Mission-critical edge processing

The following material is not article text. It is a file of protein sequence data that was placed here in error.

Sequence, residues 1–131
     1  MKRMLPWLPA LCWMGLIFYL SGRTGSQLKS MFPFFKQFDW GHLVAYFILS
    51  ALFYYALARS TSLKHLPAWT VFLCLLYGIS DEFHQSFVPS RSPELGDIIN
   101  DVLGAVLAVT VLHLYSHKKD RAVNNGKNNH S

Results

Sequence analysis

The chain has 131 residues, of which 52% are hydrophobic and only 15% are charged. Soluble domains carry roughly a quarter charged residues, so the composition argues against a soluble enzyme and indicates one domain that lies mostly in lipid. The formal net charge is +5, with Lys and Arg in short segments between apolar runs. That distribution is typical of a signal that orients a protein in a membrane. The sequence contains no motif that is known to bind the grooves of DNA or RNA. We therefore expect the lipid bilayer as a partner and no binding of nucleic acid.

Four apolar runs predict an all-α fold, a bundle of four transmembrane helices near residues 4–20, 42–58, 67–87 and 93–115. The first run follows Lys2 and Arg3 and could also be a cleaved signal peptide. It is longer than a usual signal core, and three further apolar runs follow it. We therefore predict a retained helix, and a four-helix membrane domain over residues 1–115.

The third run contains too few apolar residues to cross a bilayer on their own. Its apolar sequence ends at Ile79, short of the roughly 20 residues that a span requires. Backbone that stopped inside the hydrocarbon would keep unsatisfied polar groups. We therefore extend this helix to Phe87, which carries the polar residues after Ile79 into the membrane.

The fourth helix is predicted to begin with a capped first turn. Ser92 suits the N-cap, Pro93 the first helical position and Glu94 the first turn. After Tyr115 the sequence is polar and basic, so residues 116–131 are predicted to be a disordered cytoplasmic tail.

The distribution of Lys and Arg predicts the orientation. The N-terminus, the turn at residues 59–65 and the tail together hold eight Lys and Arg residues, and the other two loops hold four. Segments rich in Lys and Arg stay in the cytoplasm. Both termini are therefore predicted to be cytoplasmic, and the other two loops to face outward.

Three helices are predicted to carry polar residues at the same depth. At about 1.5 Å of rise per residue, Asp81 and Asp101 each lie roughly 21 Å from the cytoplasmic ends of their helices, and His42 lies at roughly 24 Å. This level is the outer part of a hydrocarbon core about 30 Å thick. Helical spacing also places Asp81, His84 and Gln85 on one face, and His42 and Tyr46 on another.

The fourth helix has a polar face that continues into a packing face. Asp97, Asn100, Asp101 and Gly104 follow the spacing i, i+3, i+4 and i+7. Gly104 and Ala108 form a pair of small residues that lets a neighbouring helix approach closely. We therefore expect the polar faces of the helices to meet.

The HPE strategy evolves around the idea that corporations will use a mix of on-prem private cloud architectures along with a hybrid cloud model to achieve optimal results for a reasonable investment. Another tenet to the strategy is that everything will be understood through artificial intelligence and its components of machine and deep learning. Finally that a large portion of computing will be done at the edge. By the edge, HPE means near the creation of an event or transaction. Processing at the edge might eliminate the need to move the data, or at least most of it, back to the data center since it would have already been processed. Only aggregate data and outliers would make the long and somewhat expensive trip back to the data center. By way of example, I was reading of video ‘smart cities’ surveillance systems that were setup in China a few years ago. The raw video footage was 457PB per day. Imagine moving all that information every day and analyzing it. By the use of edge systems to capture, aggregate and determine requirements for sending information upstream, this was reduced to 76PB per day. That’s still an amazing amount to transfer but dropping from 457PB to 76PB is an impressive saving. This means systems at the edge would need to support transactional input from existing devices along with many new streams coming from IoT devices. Additionally they would need to have an ability for both OLTP/transaction processing along with OLAP/analytical processing to effectively process and analyze at the edge. Analytic code for such things as fraud, preventive maintenance, security and many other machine learning based algorithms would be dropped onto these edge systems after being developed on high-end machine learning systems at the core, such as the HPE Apollo and Cray systems. Ideally the edge system would have a mixed workload capability to balance high-priority streaming traffic from backend analytics. As more and more critical processing is distributed to edge systems, the more failure becomes intolerable, expensive and in many cases dangerous. Will the edge require mission-critical systems? NonStop with its known capability for high transaction analytical processing (HTAP) and its demonstrated mixed workload capability (ZLE) makes it an ideal fit as a mission-critical edge server. HPE has a series of edge systems called Edgeline. A virtual NonStop can run in a number of HPE Edgeline systems. We have booted on the 4000 (NonStop in 1U at the edge) but I believe we are favoring the newer 8000 edgeline. Bringing complete fault tolerance to the edge. Not bad.